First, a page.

Now, if you didn’t ask your users what the main problem is that they’re looking to solve, they may not even be shown material that shows them that there is a feature to handle this, or, they may even be unaware of how to use it.
This is also why getting that manual response from your team is important.
- The next thing you wanna focus on is getting them to get a quick win.
You need to get them that quick win ASAP so that they can make that sticky association with your product. This will help them go beyond seeing your product as just another tool that they’ve signed up for.
Note, this isn’t about helping them save an hour or two per week. This isn’t about how they’re going to be using the tool 12 months from now, it’s about solving a specific use case that is the fastest win that you can get them.
What you will find is, for example, users who get set up with their account and build at least one dashboard convert at 20 to 30% to paid users. This is what you’re looking for.
How do you know what problems to focus on?
- First, you need to segment your audience into a couple of groups.
Very few SaaS tools are so locked down that they are in a tiny niche with no flexibility. Usually, they have a broad set of features, and some of those are much more valuable to certain groups than others.
Not based on features and benefits, but based on what problems they have.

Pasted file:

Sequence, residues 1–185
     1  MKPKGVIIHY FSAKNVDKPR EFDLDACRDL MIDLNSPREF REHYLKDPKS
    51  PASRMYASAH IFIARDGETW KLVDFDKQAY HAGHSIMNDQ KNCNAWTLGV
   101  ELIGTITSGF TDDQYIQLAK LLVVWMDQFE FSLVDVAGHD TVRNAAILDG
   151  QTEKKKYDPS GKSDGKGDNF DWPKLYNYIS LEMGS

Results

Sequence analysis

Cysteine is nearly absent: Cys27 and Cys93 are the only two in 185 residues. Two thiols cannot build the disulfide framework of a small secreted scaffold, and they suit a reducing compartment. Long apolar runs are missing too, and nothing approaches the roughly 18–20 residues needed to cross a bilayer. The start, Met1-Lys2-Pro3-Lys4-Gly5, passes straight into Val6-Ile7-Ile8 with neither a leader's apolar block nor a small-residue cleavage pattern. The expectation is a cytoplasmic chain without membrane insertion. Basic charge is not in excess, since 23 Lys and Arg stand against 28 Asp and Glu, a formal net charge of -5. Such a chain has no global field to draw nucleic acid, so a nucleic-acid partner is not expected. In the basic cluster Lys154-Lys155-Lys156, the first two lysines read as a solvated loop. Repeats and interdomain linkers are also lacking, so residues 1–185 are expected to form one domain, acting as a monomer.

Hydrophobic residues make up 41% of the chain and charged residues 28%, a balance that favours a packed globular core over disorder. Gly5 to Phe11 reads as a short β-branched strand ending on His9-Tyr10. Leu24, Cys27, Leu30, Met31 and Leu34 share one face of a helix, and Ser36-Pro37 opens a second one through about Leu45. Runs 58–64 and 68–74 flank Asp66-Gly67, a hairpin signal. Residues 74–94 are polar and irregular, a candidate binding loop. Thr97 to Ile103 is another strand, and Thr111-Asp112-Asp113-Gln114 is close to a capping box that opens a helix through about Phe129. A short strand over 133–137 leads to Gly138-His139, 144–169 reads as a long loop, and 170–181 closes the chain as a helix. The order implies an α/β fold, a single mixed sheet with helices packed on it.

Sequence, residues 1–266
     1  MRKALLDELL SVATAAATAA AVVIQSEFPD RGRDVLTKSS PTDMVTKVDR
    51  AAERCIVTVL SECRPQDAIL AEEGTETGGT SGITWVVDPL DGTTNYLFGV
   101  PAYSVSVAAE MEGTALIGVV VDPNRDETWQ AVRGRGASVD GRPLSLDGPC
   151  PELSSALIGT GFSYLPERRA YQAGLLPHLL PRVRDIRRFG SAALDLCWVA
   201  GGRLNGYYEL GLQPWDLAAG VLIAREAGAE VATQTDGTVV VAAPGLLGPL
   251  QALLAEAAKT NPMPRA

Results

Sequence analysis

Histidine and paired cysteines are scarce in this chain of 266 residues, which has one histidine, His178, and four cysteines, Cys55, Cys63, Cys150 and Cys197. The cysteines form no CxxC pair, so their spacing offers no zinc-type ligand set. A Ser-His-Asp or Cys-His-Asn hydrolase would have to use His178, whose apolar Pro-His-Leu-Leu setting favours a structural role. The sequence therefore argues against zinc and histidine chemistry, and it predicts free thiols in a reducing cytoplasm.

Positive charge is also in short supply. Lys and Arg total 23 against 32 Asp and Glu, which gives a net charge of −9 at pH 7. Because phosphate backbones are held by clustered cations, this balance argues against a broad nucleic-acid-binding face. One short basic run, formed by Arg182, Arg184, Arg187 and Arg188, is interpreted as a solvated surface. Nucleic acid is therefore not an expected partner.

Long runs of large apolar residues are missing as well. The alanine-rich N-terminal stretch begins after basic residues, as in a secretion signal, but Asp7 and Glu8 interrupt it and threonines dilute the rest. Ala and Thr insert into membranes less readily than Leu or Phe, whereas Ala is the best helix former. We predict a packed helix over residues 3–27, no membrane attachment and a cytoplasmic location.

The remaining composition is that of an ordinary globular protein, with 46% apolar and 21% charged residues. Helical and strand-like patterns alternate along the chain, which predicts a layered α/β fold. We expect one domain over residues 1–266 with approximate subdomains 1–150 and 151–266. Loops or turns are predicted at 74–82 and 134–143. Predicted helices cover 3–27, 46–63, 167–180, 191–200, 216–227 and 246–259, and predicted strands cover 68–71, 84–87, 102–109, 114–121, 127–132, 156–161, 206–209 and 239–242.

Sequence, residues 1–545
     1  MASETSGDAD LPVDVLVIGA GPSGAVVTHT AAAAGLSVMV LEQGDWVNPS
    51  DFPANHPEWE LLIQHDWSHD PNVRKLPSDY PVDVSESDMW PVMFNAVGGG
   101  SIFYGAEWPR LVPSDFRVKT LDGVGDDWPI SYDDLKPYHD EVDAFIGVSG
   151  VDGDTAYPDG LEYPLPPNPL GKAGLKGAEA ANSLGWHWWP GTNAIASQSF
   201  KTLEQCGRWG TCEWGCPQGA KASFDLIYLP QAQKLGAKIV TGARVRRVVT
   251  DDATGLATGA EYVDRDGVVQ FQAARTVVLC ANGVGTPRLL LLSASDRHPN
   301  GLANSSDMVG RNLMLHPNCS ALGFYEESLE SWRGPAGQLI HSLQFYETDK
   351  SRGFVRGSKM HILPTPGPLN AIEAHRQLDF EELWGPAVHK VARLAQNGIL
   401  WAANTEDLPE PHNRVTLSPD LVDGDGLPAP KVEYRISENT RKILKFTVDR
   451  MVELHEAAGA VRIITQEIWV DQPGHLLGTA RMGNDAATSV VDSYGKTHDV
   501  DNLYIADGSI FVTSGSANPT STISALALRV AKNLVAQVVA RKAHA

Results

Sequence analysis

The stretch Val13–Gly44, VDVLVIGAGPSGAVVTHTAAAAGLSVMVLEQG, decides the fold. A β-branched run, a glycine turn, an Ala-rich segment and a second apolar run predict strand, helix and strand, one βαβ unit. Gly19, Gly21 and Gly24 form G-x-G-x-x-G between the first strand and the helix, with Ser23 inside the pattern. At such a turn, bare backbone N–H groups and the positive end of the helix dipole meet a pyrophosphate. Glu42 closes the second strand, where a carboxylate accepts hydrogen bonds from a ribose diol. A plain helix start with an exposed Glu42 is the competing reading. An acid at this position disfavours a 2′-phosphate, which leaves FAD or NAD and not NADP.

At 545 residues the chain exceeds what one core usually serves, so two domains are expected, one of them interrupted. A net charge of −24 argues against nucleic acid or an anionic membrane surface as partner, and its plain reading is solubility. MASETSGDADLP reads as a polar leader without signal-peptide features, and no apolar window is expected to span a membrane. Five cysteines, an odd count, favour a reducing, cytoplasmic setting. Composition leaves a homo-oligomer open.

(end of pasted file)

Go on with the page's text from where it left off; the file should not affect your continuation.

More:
- After you have identified what problems they have, you can then bridge the gap with the content that you have.
In this case, the content library is not simply an FA Q library, it becomes a tool for you to create a unique and different experience for each type of user.
Over time, you may find that there are four to even 6 segments, but the investment from your team is going to be very minimal over time to adapt those materials.
For example, let’s assume that you understand that there are three core problems that your product solves. Now, you can design sequences that focused on these three core problems. If people sign up you can now meet them with content that is relevant to them.
Which use case should you focus on first?
What you need to do is test each of them.
You will find that one or two out of the three starting segments that you have had better engagement than the others.
If you find a problem that isn’t interesting and engaging people in the first two to three weeks, drop it and move on.
Email marketing is a fast way to get data. If you have a few thousand subscribers, you have a massive database for getting data. But now it’s not just about conversion, but engagement.